With building energy requirements ever more stringent HVAC CFD simulation is already complementing traditional design methods in HVAC. Fields of application go from the engineering of individual cooling and heating units to the design of whole air conditioning layouts. SimWorks and SimWorks Manager include specific CFD methods capable of simulating natural ventilation in buildings and monitor humidity and temperature parameters to evaluate the energy of a building even in the initial concept phase.

HVAC CFD simulation of indoor thermal comfort

HVAC CFD simulations of air conditioning layouts require to model the natural flow convention including the physical modelling of flow buoyancy and the humidity distribution, in addition to the forced convection due to ventilation outlets.  The overall office space is modelled with simplified geometries replicating the building spaces, office furniture, equipment and people. The air conditioning system outlets are then added to the model with the predicted mass flow rates and relative temperature. To increase the fidelity of the model, external wall temperatures can be calculated from external air temperature, solar radiation and wall insulation parameters. 

SimWorks allows to define all the above in a direct way via its Graphical User Interface (GUI) and includes the necessary solvers to correctly assess internal flows and their impact on human comfort. SimWorks Manager also includes the functionality of simulating the dispersion of a passive scalar which allows to simulate and contain the dispersion of a pathogen inside an enclosed environment.

office air conditioning system

CFD is used to dimension cooling system layout for offices

It is also possible to quickly iterate through multiple cooling system layouts changing for example the number and position of ventilation outlets or the overall mass flow rate by re-using the setup of the initial simulation. The air conditioning system can therefore be optimised in order to comply with the project specifications and limiting the risk of oversizing it.

HVAC CFD simulation of data center cooling

Data centres and server rooms are becoming common in industrial buildings and as the power densities of modern computers are increasing cooling and ventilation of server rooms is becoming a challenge. HVAC CFD simulations can be used to simulate the airflow within the room, the heat exchange of the servers and to size the room cooling system. The first step in the CFD analysis is to simulate the servers as blocks with an assigned heat flux on their surface replicating the machine cooling requirement. Those blocks are placed within the room and then cooling system inlets are added with their technical specifications of temperature and mass flow rate. SimWorks allows to effectively complete simulations of different layouts and configurations which helps assessing the margin of safety of all the individual servers to overheating and therefore correctly sizing the cooling system to meet its design requirements.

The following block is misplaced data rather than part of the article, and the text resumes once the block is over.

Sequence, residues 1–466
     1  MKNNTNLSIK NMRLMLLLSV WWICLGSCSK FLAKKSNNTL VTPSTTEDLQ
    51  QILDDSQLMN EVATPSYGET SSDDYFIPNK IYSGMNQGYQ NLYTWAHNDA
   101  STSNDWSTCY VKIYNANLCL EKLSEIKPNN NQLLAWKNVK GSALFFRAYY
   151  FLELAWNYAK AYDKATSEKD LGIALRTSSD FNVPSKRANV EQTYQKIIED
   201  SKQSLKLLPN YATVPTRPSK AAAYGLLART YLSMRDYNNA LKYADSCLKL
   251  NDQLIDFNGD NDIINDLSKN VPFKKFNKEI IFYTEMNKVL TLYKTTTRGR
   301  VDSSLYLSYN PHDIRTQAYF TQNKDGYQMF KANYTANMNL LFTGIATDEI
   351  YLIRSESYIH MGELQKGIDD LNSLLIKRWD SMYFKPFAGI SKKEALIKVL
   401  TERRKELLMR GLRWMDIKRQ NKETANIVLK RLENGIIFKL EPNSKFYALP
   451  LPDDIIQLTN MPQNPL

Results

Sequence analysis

data centre

Data centre design is driven by cooling layout effectiveness

Electronic cooling

The same approach used to simulate the cooling of data centres can be applied on a smaller scale to evaluate the cooling of electronic units. In this case individual electronic boards can be modelled as an assembly of blocks simulating the internal electronic components of the board using the thermal specifications as derived by the supplied technical data sheets. Multiple boards can be placed within their prescribed case and fans, air inlets and heat sinks can be added to simulate the cooling and ventilation of entire unit. SimWorks allows to quickly evaluate the results of different configurations by reusing the previously defined electronic boards as building blocks for more complicated analysis with minimal user interaction. 

electronic assembly cooling solution
Increased power densities are requiring ever more complicated cooling solutions

CFD simulations results show a good agreement with experimental data and showing that CFD is an essential tool to develop the new generation of electronic boards. 

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